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New forage and dual purpose field pea varieties provide growers with an alternative break crop to vetch. However agronomic management to reduce blackspot disease risk and maximise biomass production will be essential to make the most of these new options.

BACKGROUND

With field pea and vetch making up about 120,000 ha of South Australia’s cropping area, the introduction of these new varieties offers an alternative to growers looking for a break crop option, particularly in lower rainfall zones.

Start:

July 1, 2013

Finish:

June 30, 2015

Project participants

SARDI: Larn McMurray, Michael Lines, Dr Liz Farquharson, Ross Ballard, Stuart Nagel and Leigh Davis.
DEPI: Dr Joe Panozzo (Horsham), Pat Connell (Tarlee) and Gary Fhlor (Lameroo).

The problem

Pulse Breeding Australia’s new forage/dual purpose field pea varieties PBA Coogee and PBA Hayman provide an alternative to vetch and other break crops. However, there was limited evaluation and agronomic understanding of these alternative field pea types.

The research

Field trials were conducted in SA to compare these varieties with other pea and vetch varieties to determine agronomic suitability.

More information

Larn McMurray
SARDI
08 8842 6265
[email protected]

Research aims

The research was designed to assess the potential of the forage field peas, as well as providing agronomic management guidelines and assessing the nitrogen fixation and hay quality of the forage field peas compared with grain field peas and vetch.

In the field

Forage and dual purpose field peas were compared with grain field peas and vetch at four replicated trial sites in South Australia in both 2013 and 2014. This has provided an understanding of their performance and potential for use as a break crop option in SA.

Trials comparing plant biomass and grain yield production of field pea and vetch were completed at Minnipa, Lameroo, Hart and Tarlee in 2013 and 2014. Nodulation and nitrogen fixation assessments were collected at Hart and Tarlee. The hay quality and digestibility of field peas and vetch samples were analysed for samples from the Tarlee site.

Results

The forage field pea variety PBA Hayman agronomically performed very differently to the grain variety Kaspa and dual purpose varieties Morgan and PBA Coogee and will require a different management strategy to optimise production.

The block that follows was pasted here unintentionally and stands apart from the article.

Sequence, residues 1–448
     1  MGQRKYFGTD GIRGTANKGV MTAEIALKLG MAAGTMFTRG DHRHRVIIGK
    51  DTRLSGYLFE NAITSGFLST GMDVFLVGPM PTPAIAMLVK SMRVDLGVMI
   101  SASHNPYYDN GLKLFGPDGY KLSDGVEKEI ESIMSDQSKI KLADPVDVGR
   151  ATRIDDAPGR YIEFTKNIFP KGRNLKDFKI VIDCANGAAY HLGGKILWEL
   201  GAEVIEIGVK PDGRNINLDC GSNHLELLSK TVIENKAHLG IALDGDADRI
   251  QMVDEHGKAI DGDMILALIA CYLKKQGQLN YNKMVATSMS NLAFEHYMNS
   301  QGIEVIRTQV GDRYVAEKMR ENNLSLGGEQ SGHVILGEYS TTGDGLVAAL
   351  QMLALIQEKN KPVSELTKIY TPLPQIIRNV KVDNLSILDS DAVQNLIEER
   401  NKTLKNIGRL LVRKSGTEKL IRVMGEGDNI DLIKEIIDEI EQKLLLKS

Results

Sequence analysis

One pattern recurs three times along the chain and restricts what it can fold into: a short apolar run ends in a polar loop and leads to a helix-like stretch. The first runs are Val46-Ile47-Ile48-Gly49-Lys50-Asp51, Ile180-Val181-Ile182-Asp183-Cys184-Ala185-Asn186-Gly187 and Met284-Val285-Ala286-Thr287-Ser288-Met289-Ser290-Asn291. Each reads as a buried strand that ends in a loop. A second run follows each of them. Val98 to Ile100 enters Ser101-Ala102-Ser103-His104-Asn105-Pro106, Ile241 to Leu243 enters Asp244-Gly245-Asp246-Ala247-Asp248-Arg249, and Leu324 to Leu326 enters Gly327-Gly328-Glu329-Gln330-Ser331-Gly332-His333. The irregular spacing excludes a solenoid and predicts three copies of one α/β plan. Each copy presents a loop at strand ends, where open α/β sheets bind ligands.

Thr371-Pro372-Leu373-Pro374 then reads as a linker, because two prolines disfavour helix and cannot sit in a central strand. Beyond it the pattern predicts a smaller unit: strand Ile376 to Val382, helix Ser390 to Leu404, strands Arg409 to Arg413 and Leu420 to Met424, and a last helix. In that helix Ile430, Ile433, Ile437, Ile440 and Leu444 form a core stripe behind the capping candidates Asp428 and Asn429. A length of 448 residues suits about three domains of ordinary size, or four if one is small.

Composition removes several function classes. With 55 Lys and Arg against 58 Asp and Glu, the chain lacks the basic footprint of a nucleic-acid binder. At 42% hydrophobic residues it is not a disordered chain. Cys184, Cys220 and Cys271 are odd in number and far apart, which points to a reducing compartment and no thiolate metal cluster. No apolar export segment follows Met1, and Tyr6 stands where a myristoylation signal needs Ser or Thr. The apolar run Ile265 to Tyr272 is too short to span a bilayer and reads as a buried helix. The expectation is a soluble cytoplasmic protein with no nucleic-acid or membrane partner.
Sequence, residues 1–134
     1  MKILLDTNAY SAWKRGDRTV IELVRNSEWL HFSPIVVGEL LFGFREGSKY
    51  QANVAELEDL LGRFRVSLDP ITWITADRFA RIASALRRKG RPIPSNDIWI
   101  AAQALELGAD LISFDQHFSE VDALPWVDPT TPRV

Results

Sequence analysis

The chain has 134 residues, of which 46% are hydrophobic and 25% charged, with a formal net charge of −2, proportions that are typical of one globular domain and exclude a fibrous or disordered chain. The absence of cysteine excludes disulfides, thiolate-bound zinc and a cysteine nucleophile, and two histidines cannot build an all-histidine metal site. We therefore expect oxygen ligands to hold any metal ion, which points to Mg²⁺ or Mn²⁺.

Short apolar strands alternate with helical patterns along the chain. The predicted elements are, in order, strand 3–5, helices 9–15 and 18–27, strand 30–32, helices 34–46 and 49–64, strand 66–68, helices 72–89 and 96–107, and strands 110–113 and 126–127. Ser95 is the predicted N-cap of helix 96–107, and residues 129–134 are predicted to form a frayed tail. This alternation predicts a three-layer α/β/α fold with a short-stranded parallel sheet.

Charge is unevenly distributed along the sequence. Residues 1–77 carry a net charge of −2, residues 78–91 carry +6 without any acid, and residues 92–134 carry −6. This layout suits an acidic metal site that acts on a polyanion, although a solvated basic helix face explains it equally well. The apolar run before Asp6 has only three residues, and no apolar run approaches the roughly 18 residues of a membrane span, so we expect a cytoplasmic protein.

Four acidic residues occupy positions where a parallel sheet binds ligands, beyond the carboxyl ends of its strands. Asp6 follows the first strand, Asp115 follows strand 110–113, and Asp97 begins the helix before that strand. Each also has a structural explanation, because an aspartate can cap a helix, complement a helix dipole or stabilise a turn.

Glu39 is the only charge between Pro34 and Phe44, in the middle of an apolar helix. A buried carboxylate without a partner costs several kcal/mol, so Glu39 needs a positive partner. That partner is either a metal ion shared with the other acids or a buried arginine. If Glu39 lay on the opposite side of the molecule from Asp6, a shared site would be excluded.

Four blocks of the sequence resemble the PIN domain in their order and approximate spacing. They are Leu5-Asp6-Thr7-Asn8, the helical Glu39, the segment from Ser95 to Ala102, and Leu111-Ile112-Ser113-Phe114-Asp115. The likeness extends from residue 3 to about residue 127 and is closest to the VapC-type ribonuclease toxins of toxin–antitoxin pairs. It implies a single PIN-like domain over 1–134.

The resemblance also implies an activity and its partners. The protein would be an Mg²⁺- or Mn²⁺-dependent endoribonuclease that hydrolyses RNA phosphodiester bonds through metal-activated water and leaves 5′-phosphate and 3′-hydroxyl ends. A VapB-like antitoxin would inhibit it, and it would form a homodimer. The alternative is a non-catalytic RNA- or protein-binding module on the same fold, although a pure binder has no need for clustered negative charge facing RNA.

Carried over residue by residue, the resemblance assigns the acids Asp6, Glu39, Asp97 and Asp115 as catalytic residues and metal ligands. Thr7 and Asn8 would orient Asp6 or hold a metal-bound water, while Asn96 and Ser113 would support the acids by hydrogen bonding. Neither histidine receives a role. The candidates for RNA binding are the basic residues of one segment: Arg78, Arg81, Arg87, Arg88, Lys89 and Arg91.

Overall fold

PBA Hayman was found to have a higher biomass production potential than the other field pea varieties evaluated and in some situations than vetch. This increase was up to 70% greater than Kaspa and Morgan in some conditions and was more evident when sown early or grown in more favourable environments.

PBA Hayman was found to have an increased susceptibility to the major pea disease “black spot” over all other varieties and, under high disease pressure, biomass production was dramatically reduced compared with Kaspa and Morgan.

PBA Hayman has significantly lower grain yield potential, between 20 and 80% lower, than other field pea varieties and grain retrieval may be difficult due to its late maturity.

The value of PBA Hayman as an alternative to vetch in SA will depend on being able to sow it early and control blackspot disease infection. This may be difficult to achieve in many areas and seasons.

Biomass production of the potential dual forage/grain field pea PBA Coogee was generally only similar to Kaspa and Morgan and grain yield was always lower than Kaspa by 14-54% and equal or lower than Morgan. This suggests Kaspa or Morgan remain the variety of choice for grain yield.

Biomass comparisons between field peas Kaspa, Morgan and PBA Coogee and vetch were complex, varying with site, year, variety and sowing date. Generally, vetch varieties produced equal or greater biomass levels when blackspot was present or in favourable growing environments. The best relative performances by the field pea varieties were at later sowing dates in lower rainfall environments. Field pea varieties generally showed similar or greater grain yields than vetch.

Nodulation studies found that the forage pea and vetch varieties formed an adequate number of nodules per plant with background soil rhizobia. Pea and vetch varieties sown at the early timing of early-mid May fixed on average 15 kg N/ha more than those sown later (late May – early June).

Oat/legume mixtures of more than 20% oats generally reduced metabolizable energy (ME) and crude protein levels similar to those found in 100% oats.

Value for growers

PBA Hayman and PBA Coogee are now both widely available to growers and interest in a forage/dual purpose pea as an alternative to field pea, vetch or other break crop, continues to expand. This is particularly true for areas such as the South Australian Mallee and is primarily because of increased weed control options, larger and stable grain markets, and equal or increased biomass production over vetch in some areas.

Current recommendations for maximising grain yield in field pea will also maximise biomass production, that is, earliest sowing around “Blackspot Manager” recommendations and sowing densities of 50 plants/sq. m. Where the sowing date is delayed past optimum to manage blackspot, biomass yield can be maximised by increasing sowing density of all varieties to 75 plants/sq. m with little negative effect on grain yield.

On balance, forage peas fixed similar total amounts of nitrogen to the grain pea Kaspa, with some varietal differences evident in some trials.